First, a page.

Next to me, Corey whined softly, and I ran my hand over his head. “It’s going to be okay, boy. Malik and his dog will love you.”
I hoped like hell that was true. I climbed out and walked around, unfastening Corey from his doggy seatbelt before leashing and walking him up the front steps of the house.
This was just a meet and greet. A chance for the dogs to get to know one another, and for me and Malik to have a real conversation about what we were doing without prying eyes watching our every move. It was one thing to play reunited lovers for the cameras, for the courts, but I knew without a doubt that Malik would be pushing this divorce through as soon as he had the opportunity.
What I also knew, what had become abundantly clear between receiving Grandma’s news, having dinner with her, and the meeting at Larry’s office? This, this right here? Was what I’d been missing.
Oh, sure, I’d acknowledged for years that I missed Malik with the fire of a thousand suns. That didn’t hold a candle in the face of actually being near him again, actually being able to touch him, to feel him. One look and I’d been ready to risk it all. Ready to say the hell with this entire career, if it meant I got to see that face every day for the rest of my life again.
But if I told Malik that? He’d probably laugh his ass off, not because he thought I was serious, but because he’d assume I was making a joke at his expense. It was his defense mechanism.
I took a deep breath, then rang the doorbell. The loud, deep barking from inside had Corey giving it back in spades, and I heard Malik’s exasperated sigh. “Calm down, Bruno. It’s okay, boy.”
Bruno did not calm down, and neither did Corey. He matched the growls on the other side of the door, his body going stiff and taut on my leash, warning Malik’s dog of his impending doom.
Malik unfastened the locks, and I could tell he was struggling to keep Bruno in line, only opening the door a crack before an absolutely huge mastiff nosed it open all the way. His position immediately changed, and the big lug sat down, panting.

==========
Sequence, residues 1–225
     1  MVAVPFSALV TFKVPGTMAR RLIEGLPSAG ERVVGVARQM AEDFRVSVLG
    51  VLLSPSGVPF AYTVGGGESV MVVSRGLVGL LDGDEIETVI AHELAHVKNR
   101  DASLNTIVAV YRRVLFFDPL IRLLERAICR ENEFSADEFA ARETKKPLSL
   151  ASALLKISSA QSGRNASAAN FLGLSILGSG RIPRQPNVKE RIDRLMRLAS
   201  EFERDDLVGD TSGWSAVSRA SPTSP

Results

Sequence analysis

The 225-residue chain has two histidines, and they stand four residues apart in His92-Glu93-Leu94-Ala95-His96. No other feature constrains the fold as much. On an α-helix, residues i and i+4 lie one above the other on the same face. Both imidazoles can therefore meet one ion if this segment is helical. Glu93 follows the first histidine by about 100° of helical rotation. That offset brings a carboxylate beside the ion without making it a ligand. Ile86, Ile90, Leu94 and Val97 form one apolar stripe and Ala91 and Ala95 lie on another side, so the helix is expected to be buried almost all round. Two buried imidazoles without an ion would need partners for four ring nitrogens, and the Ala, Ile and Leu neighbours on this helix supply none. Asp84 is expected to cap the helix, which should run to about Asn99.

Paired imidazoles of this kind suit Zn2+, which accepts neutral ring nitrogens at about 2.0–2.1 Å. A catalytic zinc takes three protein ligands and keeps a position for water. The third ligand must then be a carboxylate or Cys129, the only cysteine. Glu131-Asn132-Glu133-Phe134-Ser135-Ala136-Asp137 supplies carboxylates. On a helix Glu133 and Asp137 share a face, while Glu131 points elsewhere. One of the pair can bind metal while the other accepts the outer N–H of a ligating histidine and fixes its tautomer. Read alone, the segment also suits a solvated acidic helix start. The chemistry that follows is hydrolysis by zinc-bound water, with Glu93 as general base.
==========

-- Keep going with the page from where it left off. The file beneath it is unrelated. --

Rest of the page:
I waited a few seconds, then unleashed Corey. He sniffed Bruno, who suddenly seemed more than willing to allow it. And when he was done, Corey let out a short bark, and Bruno took off toward what I assumed was the kitchen, my dog on his heels.
“Just like that, the best of friends,” Malik muttered.
I snorted. “All things considered, I think that’s a good sign.”
Malik’s eyes drifted to me, across my cheeks, lingering on my lips, down my neck. Then he closed his eyes, gave his head a little shake, and stepped back. “Come on in.”
It was nice to know I still affected him. I wanted to still affect him. I wanted him to want me as much as I had him the minute he’d walked down that dingy hallway and into the light. If the physical desire was still there, it meant I could work on everything else. Right?
I followed Malik through the open-concept layout and into the kitchen, pulling up a stool at the beautifully appointed island. A light gray granite countertop, white cabinets, all stainless steel appliances. An absolute bitch to clean, but for just Malik and the dog? Well worth it.
“Your home is beautiful,” I said, taking in the hardwood floors, the outside patio just a few steps away, the fireplace that I wanted to cozy up in front of, weather be damned.
How lovely would it be, to come home and recline on the couch with him, let him lean against me and read his favorite book while I thumbed through recipes? To have the dogs lying next to each other in front of the fireplace, or outside, or wherever.